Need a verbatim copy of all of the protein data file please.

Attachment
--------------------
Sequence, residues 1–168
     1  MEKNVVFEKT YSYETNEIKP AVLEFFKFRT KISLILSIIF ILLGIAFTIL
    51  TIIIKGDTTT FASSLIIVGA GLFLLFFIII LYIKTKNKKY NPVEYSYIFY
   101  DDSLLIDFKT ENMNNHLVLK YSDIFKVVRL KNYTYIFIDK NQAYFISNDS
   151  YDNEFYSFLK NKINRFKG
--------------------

Sequence, residues 1–168
     1  MEKNVVFEKT YSYETNEIKP AVLEFFKFRT KISLILSIIF ILLGIAFTIL
    51  TIIIKGDTTT FASSLIIVGA GLFLLFFIII LYIKTKNKKY NPVEYSYIFY
   101  DDSLLIDFKT ENMNNHLVLK YSDIFKVVRL KNYTYIFIDK NQAYFISNDS
   151  YDNEFYSFLK NKINRFKG